Speranza Quintet – FREE lunchtime recital

The Speranza Quintet is a newly formed wind ensemble consisting of five students from the University of Bristol. After recent success performing at the SS Great Britain, St Paul’s Church Clifton, and at the Bristol Royal Infirmary as part of their new arts programme, the group hopes to spread its wings and explore many of the amazing performance spaces in and around Bristol, as well as less traditional acoustics. The ensemble primarily focuses on repertoire from the classical era, while also enjoying many modern compositions and arrangements from all genres of music.

The recital starts at 1.30pm on Friday 25th January.
Speranza will be performing as a quartet due to oboist being injured.  Their repertoire includes:
Walckier Wind Quartet No. 4
Rossini Wind Quartet No. 1 and 2

To find out more you can find them on Facebook @TheSperanzaQuintet

Concerts take place in the chapel after our lunchtime communion service at 1pm.  Lunchtime recitals are free, with a retiring collection.

Speranza Quintet are:

Flautist: Samantha Bird

After gaining an A* in music A level and her Diploma for flute, Samantha began her studies at the University in September and was one of the first members to help establish the quintet. Her skills in performance have already been acknowledged by the University, taking the principal position in the wind orchestra (out of 26) and is currently being auditioned for a place University Symphony Orchestra.

Oboist: Benedict Dimond (sadly Benedict will be unable to play at this recital due to injury)

Having played with both the National Youth Orchestra of Great Britain and National Youth Orchestra of Wales, Benedict is likely one of the best Oboists for his age in the country. His talents have already earned him earned him a chair in the University Symphony Orchestra, principle position in the University Symphonia and is also a member of internationally renowned University Singers, run by David Bednall. Recently he has also run a very well received performance of Strauss’ ‘Serenade for winds’.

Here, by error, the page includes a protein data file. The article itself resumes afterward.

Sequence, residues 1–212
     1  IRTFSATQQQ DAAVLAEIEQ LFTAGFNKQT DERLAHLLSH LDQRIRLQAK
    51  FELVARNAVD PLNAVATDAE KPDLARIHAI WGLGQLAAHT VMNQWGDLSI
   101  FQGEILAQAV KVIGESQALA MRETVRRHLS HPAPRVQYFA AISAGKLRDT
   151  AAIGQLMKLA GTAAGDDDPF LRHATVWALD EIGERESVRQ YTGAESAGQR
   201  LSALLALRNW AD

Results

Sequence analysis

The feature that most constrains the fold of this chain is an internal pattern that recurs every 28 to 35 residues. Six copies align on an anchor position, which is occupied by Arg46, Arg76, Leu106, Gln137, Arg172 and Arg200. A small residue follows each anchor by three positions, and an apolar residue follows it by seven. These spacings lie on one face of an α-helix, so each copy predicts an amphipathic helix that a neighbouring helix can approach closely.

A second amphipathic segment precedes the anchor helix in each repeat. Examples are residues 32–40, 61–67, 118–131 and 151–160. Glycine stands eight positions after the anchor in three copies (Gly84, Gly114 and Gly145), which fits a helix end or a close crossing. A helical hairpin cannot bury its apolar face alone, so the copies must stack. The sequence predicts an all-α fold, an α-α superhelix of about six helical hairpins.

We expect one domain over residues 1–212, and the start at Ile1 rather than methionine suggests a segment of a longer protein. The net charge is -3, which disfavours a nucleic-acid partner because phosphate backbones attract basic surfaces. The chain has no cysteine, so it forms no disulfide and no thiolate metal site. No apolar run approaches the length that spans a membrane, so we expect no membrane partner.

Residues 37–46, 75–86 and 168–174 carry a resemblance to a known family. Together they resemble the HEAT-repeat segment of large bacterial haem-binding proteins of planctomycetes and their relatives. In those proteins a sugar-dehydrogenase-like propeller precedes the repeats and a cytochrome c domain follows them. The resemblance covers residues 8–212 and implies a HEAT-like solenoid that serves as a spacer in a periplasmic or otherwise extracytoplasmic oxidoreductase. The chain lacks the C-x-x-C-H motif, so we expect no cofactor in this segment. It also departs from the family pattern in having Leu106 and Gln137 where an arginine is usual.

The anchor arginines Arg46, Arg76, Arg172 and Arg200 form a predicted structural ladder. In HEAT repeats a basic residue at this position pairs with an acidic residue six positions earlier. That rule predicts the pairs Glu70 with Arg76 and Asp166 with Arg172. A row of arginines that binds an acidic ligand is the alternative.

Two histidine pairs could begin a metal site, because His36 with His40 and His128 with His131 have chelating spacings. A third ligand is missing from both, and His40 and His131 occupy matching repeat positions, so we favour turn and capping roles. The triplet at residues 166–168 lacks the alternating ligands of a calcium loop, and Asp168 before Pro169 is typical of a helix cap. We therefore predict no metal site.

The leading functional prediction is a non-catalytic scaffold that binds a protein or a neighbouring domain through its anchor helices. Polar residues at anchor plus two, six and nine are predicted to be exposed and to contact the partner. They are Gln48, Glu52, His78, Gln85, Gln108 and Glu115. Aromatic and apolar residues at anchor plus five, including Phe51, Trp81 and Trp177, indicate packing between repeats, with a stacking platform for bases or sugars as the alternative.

French Horn: Caleb Kernaghan

Local to Bristol, Caleb has held the principal role in Bristol Youth Orchestra for over a year now and is also a member of the West of England Youth Orchestra. The original creator of ‘The Speranza Quintet’, and current manager and organiser, he hopes to further his performance, composition and academic ability from the University and hopes the quintet will be of great benefit to all members. He was also awarded a place in the University Symphony and Chamber Orchestra, as well as many other of the University ensembles and is currently working on an orchestral work to be performed with Bristol Youth Orchestra.

Clarinettist: Megan Jefferis

Being awarded a seat in the University Symphony this term out of over 20 auditioned, Megan is likely the top Clarinetist of her year in the University and is already excelling in her course at University, gaining top marks in recent assignments. Having been in the Quintet since the beginning, and also spearheaded the design for the group’s official logo.

Bassoonist: Michael Hollette

Being the only member of the ensemble who isn’t studying music, Michael is an incredible player and has earned the Vice Chancellor’s scholarship from the University, awarded to exceptional performers who aren’t studying music. Taking a seat in both the University Symphony and Chamber Orchestra, he’s quickly rising the ranks as one of the leading players in the University.

John Wesley's New Room

John Wesley’s New Room is a heritage site in the heart of Bristol. It houses a museum, library, café, events and hire space. It is home to the original 18th century chapel that started the Methodist movement.

It also houses an award-winning Café and a vast reference Library. John Wesley’s New Room hosts a range of art, music and family events and is also available to hire.

Explore the Museum of John & Charles Wesley’s life and work in Bristol.

John Wesley’s New Room is the oldest Methodist building in the world, located right in the heart of Bristol city centre. Founded in 1739 by John Wesley, the New Room became the cradle of the worldwide Methodist movement.

This is the place that completes the story of Bristol. This is the Room that changed the World.

It is a place where everyone is welcome to explore, step back, take time, reconnect and recharge.

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